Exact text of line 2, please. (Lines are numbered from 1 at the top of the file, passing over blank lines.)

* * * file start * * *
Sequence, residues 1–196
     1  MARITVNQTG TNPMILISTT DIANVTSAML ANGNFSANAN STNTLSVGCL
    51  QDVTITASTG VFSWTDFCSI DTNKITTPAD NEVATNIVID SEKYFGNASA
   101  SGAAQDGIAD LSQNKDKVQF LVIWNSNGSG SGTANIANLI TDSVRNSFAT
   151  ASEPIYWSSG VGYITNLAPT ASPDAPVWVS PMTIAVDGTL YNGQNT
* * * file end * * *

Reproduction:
     1  MARITVNQTG TNPMILISTT DIANVTSAML ANGNFSANAN STNTLSVGCL